There has been much speculation these last couple of months whether Omar Minaya, Jerry Manuel and the rest of the coaching staff will be back next season. Even with Big Daddy Fred Wilpon’s assurances vocalized last month, the son of a funeral home owner has been known to change his mind – See the Bobby Valentine firing as a prime example. Well anyway if Team Wilpon does change their mind ( I believe their minds are wired into some sort of Borg relationship where they are tied into a single collective consciousness) I would lobby for them to do something bold – I say hire Orel Hershiser as either the Manager or the pitching coach.
As per Wikipedia
“Orel Leonard Hershiser IV is a former right-handed pitcher in Major League Baseball. He is currently an analyst for Baseball Tonight and Wednesday Night Baseball on ESPN he was a Golden Glove, Cy Young Award, the NLCS MVP and the World Series MVP with the Dodgers.
He is known for his lanky frame and tenacious spirit, Hershiser was nicknamed “Bulldog” by then team manager Tommy Lasorda.
Hershiser was born in Buffalo, New York to Mildred I. Gillman and Orel Leonard Hershiser III. He attended Cherry Hill High School East in Cherry Hill, New Jersey, where he was the star pitcher on the school’s baseball team. He first caught the attention of pro scouts as a pitcher at Bowling Green State University in Bowling Green, Ohio where he was a member of the Sigma Phi Epsilon fraternity.
Hershiser was selected by the Los Angeles Dodgers in the 17th round of the 1979 amateur draft and was assigned to their farm team in Clinton, Iowa. He spent four more seasons in the minor leagues with San Antonio and Albuquerque before being called up to the major leagues.
Hershiser has served as a pitching coach for the Texas Rangers, and later in a front-office position with the same team, and as an analyst (both in print and in broadcasting) for ESPN.
In October 2005 Hershiser was a finalist to replace Jim Tracy as manager of the Los Angeles Dodgers, but instead opted to resign from his current job as the Texas Rangers pitching coach and join their front office as Executive Director. Grady Little was eventually hired by the Dodgers instead. As of October 2006 Hershiser was mentioned as a possible replacement for Ken Macha of the Oakland Athletics, however he was ultimately passed over for Bob Geren.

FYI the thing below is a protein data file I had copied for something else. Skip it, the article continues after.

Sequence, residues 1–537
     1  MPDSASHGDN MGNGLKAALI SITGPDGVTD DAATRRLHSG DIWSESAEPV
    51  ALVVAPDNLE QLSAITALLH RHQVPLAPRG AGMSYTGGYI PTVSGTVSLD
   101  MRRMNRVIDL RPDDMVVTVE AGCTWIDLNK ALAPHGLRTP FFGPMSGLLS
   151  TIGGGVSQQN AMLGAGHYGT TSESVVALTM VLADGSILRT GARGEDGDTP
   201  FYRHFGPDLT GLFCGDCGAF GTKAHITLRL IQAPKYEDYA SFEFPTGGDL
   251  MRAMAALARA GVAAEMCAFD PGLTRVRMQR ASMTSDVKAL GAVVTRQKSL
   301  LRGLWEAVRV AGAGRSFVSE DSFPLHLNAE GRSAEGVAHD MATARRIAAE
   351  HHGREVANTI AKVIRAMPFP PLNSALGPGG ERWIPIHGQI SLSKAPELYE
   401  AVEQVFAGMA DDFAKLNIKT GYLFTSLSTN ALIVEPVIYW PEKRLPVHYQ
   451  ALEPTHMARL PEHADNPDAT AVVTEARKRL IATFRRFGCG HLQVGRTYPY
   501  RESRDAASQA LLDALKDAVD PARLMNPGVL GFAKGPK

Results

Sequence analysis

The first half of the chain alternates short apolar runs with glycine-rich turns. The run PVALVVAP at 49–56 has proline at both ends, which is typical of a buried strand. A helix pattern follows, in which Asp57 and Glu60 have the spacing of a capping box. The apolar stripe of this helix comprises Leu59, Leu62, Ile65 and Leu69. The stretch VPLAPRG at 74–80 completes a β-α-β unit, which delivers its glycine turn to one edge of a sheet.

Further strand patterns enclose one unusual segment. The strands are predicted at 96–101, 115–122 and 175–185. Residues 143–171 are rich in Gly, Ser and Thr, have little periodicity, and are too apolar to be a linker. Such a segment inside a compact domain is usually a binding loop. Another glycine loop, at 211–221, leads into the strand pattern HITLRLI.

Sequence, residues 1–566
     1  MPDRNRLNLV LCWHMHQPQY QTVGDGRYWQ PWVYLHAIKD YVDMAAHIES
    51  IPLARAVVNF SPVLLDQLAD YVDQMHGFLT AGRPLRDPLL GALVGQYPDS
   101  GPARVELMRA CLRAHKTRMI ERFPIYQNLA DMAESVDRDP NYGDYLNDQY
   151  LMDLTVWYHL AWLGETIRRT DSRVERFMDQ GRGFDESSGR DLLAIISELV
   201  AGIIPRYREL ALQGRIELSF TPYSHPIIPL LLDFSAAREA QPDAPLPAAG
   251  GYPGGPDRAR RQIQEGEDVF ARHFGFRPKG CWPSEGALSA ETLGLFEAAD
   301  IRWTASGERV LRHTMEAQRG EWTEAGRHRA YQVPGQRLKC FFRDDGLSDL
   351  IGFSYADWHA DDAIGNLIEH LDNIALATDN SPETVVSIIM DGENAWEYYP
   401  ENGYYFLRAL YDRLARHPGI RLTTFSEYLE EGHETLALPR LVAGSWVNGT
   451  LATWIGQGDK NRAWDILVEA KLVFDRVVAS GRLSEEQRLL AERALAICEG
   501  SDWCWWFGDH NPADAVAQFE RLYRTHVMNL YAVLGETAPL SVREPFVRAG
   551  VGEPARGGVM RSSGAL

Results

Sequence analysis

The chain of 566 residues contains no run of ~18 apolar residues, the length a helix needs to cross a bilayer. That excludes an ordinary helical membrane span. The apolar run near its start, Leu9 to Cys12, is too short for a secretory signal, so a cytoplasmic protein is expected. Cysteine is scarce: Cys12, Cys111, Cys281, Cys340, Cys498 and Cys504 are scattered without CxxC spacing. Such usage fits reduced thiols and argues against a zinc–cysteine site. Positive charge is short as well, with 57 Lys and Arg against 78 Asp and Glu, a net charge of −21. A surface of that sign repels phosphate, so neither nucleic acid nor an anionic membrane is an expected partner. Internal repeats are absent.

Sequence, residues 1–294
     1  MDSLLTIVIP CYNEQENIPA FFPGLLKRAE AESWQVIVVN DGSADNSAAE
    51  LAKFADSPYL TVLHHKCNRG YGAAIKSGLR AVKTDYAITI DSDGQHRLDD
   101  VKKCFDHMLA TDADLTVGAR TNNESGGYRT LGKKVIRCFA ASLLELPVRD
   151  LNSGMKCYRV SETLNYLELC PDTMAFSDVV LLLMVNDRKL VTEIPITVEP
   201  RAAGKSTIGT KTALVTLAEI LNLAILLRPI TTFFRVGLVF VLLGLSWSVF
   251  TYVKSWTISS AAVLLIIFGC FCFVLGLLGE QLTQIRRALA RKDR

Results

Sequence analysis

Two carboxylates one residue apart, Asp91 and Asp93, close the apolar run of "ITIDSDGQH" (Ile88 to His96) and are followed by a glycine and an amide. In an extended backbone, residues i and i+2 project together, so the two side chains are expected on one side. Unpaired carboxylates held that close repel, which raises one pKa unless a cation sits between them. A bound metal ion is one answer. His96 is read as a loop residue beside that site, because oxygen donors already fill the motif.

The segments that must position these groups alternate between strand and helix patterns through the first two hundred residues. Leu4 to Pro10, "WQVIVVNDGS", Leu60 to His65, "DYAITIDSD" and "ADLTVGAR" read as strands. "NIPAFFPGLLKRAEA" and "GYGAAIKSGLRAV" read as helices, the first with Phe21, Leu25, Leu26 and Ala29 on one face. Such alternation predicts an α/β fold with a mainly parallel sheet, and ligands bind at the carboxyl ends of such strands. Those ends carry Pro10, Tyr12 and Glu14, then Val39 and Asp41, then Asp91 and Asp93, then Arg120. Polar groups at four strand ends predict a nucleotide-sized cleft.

In early February 2006, after joining the front office of the Texas Rangers, Hershiser resigned from his Executive Director position.
Although he was not an overpowering pitcher, his fastball was in the 89-91 mph range in his prime. However he possessed very fine control, and his average velocity on his fastball was more than made up for with its tremendous sinking action. This caused batters to beat scores of balls into the ground, leading to easy outs. He complemented his sinker with a well-above average curve ball that would often freeze hitters or cause them to completely lose their timing. He also threw a quality slider that he would spot in on the hands of left-handed hitters, showing them something that moved in the opposite direction of his fastball. He also threw the odd change up and splitter, but mainly stuck to his tremendous sinker and curve ball. ”
I do believe Hershiser would be a good if not great fit as a manager for this teambecause he has a baseball mind – he was a thinking man’s pitcher ala a Tom Seaver or a Pedro Martinez – his head was always in the game. I remember in the ’99 N.L.C.S Orel was constantly sitting beside Bobby Valentine and the rest of the Mets coaching staff absorbing their wisdom and their strategies ( as well as making his own suggestions). He has experience as in the front office and has been seen as a viable managerial candidate for a few different franchises.
So okay lets play hypothetical here, Lets say Jerry Stays but Dan Warthen is canned. I believe Orel would slot in just fine as a pitching coach – like he did with the Texas Rangers. I think he could impart his pitching wisdon onto pitchers like John Maine and Mike Pelfrey and who knows maybe he has the solution to solving the enigma that is Oliver Perez ( no guarantees there lol)
Either way next year is going to be a barometer for seasons to come – they can either choose to use the status quo manager and pitching coach they already have and watch those seasons fade into obscurity or they can utilize a proven winner who might be able to inject new life into a listless organization
-The ball is in your court Mr. Wilpon (s)